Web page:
The extent of inequalities has been amplified during this crisis and as said elsewhere ‘We are all in the same storm but not the same boat’. Our response to the stark ‘materials divide’, that is lack of basic resources in home, is to organise the delivery of packs of art materials to 4,000 vulnerable children in care and pre-school children and also 25,000 packs of books. This is only possible due to support from Arts Council England, The Art Fund, and The Reading Agency and our wonderful education and local authority partners. What has been so affecting for me is the response from children and families. A small, personal and unlooked for gift (our Let’s Create Pack) had made them feel they had not been forgotten, that their needs had been thought about and they could do some fun things with resources they didn’t have before.
The reaction to the murder of George Floyd and the potential that has been created for social change is explicitly about how white people with power demonstrate allyship and take action to right injustice. It demands effortful remembering, and critical engagement with our country’s colonial history and how the legacy of that shapes today, and isn’t shut down in a culture war about statues. Through the West Midlands Cultural Response Unit a new space is being created to enable engagement with the experiences of black artists and cultural workers, a space to have conversations, and a space to create a collective long term programme of action. I’d strongly encourage you to be part of this.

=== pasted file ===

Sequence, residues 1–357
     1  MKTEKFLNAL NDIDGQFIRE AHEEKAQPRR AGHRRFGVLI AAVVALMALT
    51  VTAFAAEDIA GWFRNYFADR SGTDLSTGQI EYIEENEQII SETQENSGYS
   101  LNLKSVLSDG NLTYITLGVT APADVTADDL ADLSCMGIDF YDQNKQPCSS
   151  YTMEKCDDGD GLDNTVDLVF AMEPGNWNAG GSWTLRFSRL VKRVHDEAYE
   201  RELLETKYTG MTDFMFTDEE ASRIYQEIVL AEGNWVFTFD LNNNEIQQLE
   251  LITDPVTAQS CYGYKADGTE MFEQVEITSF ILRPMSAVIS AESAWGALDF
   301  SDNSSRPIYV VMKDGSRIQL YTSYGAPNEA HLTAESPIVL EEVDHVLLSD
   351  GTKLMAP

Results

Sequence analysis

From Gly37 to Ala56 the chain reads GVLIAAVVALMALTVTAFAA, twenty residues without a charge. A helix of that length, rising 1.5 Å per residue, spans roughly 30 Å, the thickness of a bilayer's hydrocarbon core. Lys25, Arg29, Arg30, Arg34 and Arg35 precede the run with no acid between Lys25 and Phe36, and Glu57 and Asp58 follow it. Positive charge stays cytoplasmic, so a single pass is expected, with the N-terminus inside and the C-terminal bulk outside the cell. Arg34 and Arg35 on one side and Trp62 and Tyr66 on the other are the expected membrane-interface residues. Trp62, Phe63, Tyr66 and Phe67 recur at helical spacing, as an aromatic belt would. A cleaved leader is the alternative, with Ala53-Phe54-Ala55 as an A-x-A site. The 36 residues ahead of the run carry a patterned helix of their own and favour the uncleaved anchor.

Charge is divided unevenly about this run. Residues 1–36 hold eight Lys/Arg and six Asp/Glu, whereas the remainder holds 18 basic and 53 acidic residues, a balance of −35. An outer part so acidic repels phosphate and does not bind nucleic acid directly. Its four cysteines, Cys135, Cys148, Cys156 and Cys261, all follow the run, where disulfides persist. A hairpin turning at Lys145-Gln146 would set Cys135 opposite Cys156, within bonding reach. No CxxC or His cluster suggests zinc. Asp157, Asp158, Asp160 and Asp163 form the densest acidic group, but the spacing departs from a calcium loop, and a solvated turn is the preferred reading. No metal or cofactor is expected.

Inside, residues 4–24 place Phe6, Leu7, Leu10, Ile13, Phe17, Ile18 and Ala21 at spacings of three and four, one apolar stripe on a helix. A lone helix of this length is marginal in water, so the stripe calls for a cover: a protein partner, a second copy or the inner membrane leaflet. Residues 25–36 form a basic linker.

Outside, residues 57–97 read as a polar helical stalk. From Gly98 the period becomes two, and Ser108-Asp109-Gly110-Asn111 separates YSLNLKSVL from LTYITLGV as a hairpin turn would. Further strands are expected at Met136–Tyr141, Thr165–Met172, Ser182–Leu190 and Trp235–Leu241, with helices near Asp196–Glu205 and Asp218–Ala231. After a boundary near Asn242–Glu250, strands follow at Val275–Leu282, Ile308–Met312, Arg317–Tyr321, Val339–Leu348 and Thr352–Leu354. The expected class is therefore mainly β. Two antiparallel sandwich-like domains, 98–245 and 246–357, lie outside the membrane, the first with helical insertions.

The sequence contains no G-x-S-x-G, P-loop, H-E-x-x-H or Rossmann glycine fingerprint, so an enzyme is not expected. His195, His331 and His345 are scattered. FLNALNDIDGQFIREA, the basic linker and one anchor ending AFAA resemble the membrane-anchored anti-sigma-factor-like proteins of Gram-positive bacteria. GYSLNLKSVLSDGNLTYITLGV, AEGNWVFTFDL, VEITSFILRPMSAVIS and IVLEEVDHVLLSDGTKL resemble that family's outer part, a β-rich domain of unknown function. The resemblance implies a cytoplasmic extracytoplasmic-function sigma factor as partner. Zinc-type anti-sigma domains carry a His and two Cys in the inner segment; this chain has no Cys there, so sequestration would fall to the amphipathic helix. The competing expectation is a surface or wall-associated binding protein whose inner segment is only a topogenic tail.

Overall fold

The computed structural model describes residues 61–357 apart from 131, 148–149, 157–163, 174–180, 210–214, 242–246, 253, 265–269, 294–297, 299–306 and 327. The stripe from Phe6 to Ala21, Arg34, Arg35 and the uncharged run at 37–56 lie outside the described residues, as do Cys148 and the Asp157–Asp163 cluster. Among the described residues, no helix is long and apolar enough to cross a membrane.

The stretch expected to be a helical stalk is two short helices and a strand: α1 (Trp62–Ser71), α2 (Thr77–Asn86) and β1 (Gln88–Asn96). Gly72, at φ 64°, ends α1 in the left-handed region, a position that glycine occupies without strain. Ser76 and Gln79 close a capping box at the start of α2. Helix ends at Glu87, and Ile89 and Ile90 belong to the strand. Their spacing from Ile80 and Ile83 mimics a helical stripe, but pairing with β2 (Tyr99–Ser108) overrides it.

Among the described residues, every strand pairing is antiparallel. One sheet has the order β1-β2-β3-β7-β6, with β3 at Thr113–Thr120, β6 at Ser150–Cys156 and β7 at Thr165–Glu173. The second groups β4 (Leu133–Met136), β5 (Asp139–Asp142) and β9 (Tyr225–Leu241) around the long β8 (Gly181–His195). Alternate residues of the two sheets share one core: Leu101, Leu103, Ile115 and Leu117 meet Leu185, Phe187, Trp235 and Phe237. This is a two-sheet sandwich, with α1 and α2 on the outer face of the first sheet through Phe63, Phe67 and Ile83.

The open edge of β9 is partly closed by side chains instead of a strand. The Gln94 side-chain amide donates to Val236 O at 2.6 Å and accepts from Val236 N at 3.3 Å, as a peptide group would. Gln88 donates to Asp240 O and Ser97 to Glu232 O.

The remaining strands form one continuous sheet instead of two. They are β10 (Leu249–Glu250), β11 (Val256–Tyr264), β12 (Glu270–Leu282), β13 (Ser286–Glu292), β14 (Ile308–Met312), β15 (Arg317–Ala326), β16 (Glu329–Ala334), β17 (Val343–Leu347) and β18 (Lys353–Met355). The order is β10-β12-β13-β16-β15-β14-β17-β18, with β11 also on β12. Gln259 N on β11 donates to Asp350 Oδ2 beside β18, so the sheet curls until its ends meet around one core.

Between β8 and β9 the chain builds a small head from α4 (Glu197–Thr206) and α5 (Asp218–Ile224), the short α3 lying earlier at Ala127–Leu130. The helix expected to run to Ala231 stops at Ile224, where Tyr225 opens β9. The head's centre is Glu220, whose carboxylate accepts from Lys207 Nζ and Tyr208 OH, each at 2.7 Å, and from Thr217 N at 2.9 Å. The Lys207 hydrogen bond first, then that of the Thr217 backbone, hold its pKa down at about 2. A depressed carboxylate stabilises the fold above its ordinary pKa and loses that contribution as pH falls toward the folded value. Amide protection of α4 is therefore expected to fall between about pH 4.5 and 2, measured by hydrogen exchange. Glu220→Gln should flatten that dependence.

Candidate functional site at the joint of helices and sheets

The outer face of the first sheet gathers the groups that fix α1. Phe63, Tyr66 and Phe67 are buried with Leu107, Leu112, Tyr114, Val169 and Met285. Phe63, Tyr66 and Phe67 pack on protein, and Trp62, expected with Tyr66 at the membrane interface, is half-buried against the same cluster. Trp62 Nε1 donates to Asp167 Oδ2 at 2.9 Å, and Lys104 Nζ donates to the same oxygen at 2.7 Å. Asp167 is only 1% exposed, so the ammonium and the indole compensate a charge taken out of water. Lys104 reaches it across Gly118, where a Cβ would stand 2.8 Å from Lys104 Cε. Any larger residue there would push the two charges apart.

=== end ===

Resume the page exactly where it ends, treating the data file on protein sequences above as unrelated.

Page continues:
We are living through the twin crises of COVID 19 and Black Lives Matters but we do not all have the same experiences of it. What I am thinking about at the moment is about the power of not being forgotten, the duty to remember, listen and learn, about how to take action with integrity that are values driven, what that means for how I am in the world – and to use the influence that I have to better create places of belonging.
Director, Arts Connect